1. Manufacturer matters. When you buy a brand name plumbing fixture, it is actually made by that company. They are in control of it from the drawing board on, and they are the ones who will help you (or not) if there is problem—now or twenty years from now. It's not like appliances where dozens of brands are all made by a small handful of manufacturers. If you buy a good brand, you will generally get a good product within it's price range. If there is a problem within the warranty coverage, they will stand behind their product and make it right. If there is a problem after warranty, they have knowledgeable humans available to help you figure out exactly what you need, and where to get it. It saves a lot of time and aggravation, really.

  2. How do you know which are good brands? As a general rule, a manufacturer carried by several plumbing wholesalers or kitchen and bath showrooms is going to be a good one. When you put in plumbing fixtures for a living, you have no patience for wasting time and money to go back and deal with problems caused by poor quality fixtures. Why do I say carried by several? Some showrooms have their own “house” brands which they contract out to various independent factories. In my experience, they are overpriced and riddled with problems which are difficult to resolve because the showroom has only limited control over the process. I avoid them. Likewise, “house” brands carried by home centers and some national wholesalers are not good bets either—they flip flop their manufacturing based on whoever is giving the best price this week or whatever, and this leads to very real fluctuations in quality and sometimes great difficulty tracking down parts.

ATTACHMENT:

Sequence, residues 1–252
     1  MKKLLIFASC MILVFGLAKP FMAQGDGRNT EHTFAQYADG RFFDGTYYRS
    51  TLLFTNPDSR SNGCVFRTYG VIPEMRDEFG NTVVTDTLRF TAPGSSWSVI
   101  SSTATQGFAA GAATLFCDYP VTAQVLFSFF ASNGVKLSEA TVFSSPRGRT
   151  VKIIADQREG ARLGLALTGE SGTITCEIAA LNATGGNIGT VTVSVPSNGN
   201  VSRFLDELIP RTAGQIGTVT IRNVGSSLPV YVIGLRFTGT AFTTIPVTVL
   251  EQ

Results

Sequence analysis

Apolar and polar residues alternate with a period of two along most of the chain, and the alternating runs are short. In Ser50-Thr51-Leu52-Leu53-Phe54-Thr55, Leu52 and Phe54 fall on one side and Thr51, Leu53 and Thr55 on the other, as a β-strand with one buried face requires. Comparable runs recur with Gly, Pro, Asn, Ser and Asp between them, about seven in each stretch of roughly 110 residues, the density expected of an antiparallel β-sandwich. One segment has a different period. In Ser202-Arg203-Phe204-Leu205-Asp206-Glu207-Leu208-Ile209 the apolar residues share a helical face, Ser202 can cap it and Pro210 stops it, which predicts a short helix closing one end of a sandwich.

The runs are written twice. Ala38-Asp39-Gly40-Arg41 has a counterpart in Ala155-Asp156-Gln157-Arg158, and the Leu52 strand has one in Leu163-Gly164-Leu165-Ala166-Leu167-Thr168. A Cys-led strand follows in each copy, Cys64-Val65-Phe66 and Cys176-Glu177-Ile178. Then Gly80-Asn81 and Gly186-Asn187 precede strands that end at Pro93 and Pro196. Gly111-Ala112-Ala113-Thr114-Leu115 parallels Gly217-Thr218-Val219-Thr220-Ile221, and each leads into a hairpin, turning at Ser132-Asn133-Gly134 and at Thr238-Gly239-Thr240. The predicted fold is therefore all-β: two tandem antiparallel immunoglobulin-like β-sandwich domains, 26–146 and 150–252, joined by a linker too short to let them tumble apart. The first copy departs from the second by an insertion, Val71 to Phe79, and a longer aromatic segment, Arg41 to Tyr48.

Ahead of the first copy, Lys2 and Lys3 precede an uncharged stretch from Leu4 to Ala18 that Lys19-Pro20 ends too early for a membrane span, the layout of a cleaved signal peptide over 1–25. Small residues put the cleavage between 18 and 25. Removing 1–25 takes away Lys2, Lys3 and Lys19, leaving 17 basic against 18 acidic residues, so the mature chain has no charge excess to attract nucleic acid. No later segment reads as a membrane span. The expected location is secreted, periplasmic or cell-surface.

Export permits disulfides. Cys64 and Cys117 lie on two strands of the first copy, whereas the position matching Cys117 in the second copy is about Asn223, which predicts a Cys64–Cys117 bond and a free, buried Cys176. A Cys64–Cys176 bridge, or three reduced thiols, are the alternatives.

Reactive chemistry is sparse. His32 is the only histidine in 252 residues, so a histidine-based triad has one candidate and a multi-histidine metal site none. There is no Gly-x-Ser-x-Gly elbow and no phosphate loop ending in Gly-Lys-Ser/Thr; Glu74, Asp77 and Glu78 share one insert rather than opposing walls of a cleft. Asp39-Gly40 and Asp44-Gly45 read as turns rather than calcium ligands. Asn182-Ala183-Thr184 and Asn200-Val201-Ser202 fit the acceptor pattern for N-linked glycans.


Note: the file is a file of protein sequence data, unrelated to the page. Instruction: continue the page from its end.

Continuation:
3. Take online user reviews with a grain of salt. I recently went through a bunch of them when doing my own Top 5 Toilet picks and have a couple of observations. First, the majority of negative reviews I saw were due to things which had nothing to do with the actual product. The “problems” noted were clearly due to either selecting the wrong toilet (“too tall for my kids”—they selected an ADA height when they should have put in standard height) or poor installation (“the tank rocks”—then it needs to be tightened, simple as that.) The other caveat is on the positive review side: they are almost all reviewed a few months after installation. While it is good to get a take on how happy customers are when they first put it in, this really doesn't help get a sense of how long it will work well. So while they are definitely a good resource, it's not a good idea to just take the star rating at face value and use it as your sole guide to selection.